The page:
Moon Knight (Disney+) review: Dark, dazzling, and wonderfully demented
Moon Knight review: Dark, dazzling, and wonderfully demented
Note: This article was first published on 30 March 2021.
Egyptian gods have officially arrived in the Marvel Cinematic Universe and it is absolutely glorious. Moon Knight is a dark, dazzling tale of mysticism and wonder, infused with the rich history of ancient Egypt. The series pays homage to the supernatural elements in the original comics, bringing to life the Crescent Crusader and his unrelenting version of justice.
The story starts off from the perspective of Steven Grant (Oscar Isaac), a museum gift shop employee who knows an odd amount about Egyptology and is plagued by periods of lost time. Steven has Dissociative Identity Disorder, with multiple dueling personalities in his head.
He also speaks with a bizarre approximation of a cockney dialect, which Isaac has said was a deliberate choice, raising interesting questions about the true nature of Steven's own personality.
Steven spends most of his time fighting for control with Marc Spector, who is the avatar of Khonshu, the Egyptian god of the moon and vengeance. Khonshu is ruthless and manipulative, hell-bent on delivering his unique brand of justice.
Steven's first encounter with the god is terrifying. Khonshu is preternaturally tall and is swathed in what appear to be bandages. He stalks Steven through long hallways, evoking the darker tones of a horror movie or psychological thriller where the main character isn't completely sure if what he's seeing is real.
As Moon Knight, Marc leaps across rooftops and fights with crescent-shaped blades, but beyond the powers imbued in him by Khonshu lies a broken man who isn't really sure who he is. Perpetually tormented by his other selves in mirrors and other reflective surfaces, and never in full control of his body, Marc is a conflicted soul that splits his time between fighting the followers of Egyptian goddess Ammit and himself.
The show isn't afraid to confront the very real issues of mental health and trauma. Marc Spector isn't your regular hero, and it becomes easier to empathise with a character that is clearly deeply flawed.
For the uninitiated, Moon Knight is a bit like Marvel's version of the Caped Crusader. He's dark, brooding, and operates under the cover of night, seeing himself as an instrument of vengeance and justice. His crescent blades are also very similar to Batman's Batarang. However, in the comics, Moon Knight has no qualms about killing, making him one of the most brutal heroes in the Marvel universe.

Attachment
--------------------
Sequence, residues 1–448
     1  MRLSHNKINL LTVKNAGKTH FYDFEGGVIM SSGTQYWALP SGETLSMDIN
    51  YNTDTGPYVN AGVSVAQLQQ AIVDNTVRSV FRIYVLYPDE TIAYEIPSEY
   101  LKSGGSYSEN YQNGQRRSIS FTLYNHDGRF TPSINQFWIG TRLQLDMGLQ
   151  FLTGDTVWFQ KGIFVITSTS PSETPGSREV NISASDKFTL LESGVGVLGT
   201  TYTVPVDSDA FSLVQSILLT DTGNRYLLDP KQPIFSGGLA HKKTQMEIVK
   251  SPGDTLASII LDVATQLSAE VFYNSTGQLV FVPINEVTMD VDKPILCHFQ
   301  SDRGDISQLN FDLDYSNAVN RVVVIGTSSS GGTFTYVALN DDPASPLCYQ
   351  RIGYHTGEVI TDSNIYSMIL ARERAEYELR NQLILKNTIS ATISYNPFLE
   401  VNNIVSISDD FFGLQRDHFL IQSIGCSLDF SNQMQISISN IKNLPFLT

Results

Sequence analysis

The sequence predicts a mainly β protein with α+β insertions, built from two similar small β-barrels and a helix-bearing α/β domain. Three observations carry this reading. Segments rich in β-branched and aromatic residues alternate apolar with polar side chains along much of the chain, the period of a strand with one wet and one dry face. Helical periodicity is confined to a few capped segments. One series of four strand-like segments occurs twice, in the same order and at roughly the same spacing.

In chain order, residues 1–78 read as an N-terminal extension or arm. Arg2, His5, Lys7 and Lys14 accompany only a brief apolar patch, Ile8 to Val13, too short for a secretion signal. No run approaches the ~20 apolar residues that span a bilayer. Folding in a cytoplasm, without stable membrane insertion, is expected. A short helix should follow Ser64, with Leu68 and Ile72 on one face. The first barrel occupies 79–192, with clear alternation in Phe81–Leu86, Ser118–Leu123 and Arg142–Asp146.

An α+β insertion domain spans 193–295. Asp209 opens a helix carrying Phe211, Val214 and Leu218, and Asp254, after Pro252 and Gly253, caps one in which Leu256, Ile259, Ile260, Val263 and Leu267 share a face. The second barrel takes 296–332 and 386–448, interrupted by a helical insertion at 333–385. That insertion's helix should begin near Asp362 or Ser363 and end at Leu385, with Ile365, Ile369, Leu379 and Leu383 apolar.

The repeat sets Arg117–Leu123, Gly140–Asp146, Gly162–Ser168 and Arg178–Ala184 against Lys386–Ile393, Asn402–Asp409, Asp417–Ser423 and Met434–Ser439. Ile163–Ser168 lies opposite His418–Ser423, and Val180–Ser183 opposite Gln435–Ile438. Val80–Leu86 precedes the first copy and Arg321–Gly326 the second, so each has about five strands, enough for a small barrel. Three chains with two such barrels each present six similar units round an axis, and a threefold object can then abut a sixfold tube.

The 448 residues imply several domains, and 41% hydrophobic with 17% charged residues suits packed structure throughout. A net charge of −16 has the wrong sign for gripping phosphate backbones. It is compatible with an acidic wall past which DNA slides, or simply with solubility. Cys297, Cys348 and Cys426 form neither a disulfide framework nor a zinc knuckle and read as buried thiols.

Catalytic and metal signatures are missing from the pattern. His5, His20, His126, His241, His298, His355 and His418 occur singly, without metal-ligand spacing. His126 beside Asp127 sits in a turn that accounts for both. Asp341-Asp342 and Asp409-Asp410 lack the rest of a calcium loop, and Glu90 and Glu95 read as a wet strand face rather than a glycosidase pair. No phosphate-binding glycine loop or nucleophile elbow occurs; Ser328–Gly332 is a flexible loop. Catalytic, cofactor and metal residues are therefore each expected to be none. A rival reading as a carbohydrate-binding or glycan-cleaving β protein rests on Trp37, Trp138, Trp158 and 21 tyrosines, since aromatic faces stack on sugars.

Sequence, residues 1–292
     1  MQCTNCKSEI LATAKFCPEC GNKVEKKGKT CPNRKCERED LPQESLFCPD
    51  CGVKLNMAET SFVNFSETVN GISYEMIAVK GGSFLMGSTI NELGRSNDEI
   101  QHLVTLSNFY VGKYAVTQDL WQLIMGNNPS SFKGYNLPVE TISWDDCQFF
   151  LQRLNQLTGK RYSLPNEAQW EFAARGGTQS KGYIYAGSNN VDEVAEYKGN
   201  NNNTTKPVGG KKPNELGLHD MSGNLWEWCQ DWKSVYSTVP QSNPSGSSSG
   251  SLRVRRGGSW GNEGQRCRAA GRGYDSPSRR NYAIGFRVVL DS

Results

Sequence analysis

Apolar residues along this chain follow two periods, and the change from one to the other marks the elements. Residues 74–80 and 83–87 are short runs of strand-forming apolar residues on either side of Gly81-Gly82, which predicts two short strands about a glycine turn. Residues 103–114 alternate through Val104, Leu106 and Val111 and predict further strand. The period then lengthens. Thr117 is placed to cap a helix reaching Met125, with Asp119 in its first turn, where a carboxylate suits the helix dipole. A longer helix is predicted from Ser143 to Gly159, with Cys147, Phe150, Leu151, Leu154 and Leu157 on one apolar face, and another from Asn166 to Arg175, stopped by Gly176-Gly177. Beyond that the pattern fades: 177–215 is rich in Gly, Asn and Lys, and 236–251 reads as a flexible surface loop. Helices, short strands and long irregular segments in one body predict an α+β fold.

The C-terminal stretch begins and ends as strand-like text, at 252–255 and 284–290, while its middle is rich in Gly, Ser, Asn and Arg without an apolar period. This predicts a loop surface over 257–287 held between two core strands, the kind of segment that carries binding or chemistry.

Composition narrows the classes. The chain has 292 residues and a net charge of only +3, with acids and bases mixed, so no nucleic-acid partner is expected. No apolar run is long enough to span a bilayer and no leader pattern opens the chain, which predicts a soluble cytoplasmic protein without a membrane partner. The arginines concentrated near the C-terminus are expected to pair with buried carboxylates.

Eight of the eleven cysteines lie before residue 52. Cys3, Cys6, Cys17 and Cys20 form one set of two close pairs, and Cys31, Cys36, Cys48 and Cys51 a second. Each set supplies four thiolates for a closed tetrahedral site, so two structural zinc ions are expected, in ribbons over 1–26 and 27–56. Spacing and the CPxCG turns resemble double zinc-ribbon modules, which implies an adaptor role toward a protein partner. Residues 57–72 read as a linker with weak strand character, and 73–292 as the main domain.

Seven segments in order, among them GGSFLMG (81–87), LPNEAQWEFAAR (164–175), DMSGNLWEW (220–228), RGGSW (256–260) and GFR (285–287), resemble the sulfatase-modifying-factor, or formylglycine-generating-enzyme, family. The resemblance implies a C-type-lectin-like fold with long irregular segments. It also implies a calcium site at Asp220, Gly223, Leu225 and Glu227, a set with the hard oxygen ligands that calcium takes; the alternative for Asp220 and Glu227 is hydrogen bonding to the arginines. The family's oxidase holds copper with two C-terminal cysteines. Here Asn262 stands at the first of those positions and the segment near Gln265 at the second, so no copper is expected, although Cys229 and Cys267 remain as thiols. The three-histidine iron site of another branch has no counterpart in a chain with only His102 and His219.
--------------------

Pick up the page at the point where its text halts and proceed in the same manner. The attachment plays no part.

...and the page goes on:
He is a Marvel superhero unlike any other, and the layering of magic, ancient history, and the intrigue of Egyptian mythology brings the MCU into an entirely new realm that we've never seen before. Oscar Isaac is brilliant in the role, perfectly modulating his performance in an instant so you never have any doubt whether it's Steven or Marc you're watching.
And with additional hints of personalities beyond Steven and Marc, Isaac should have plenty more opportunities to shine and show off his range as an actor.
Moon Knight fans who have been waiting to see the Fist of Khonshu make his onscreen debut should find a lot to like here. Marvel has set a lofty bar for its TV series over the past year, with hits like WandaVision, Loki, and Hawkeye. But each of those shows was set in familiar territory, with characters we had already come to know and love.
Moon Knight breaks new ground by introducing a completely new character to the MCU, sending him on an adventure across the world to the land of pharaohs in a hunt for ancient relics and tombs. It is a brutal and thrilling ride, albeit one that is leavened by the same notes of levity that characterise most other Marvel films and series.
As Arthur Harrow, Ethan Hawke isn't your typical brand of villain either. He exudes a cool charisma and sense of assuredness that always gives the impression that he is in full control of every situation. This isn't a megalomaniac who is after power for power's sake. Instead, this is a man on a mission who genuinely believes that he is doing the right thing by working to unleash Ammit's justice on earth.
May Calamawy plays Layla El-Faouly, an archaeologist, adventurer, and Marc's partner. She gets dragged into Marc and Khonshu's orbit, and viewers accompany her as she, too, tries to make sense of Marc's multiple personalities.
Despite venturing into the realm of the gods, Moon Knight remains grounded thanks to the work of Isaac and Calamawy. It is a luminous adventure that never loses sight of its human characters, and by virtue of that, is able to truly take its audience along into the heavens.
Moon Knight premieres on Disney+ on March 30.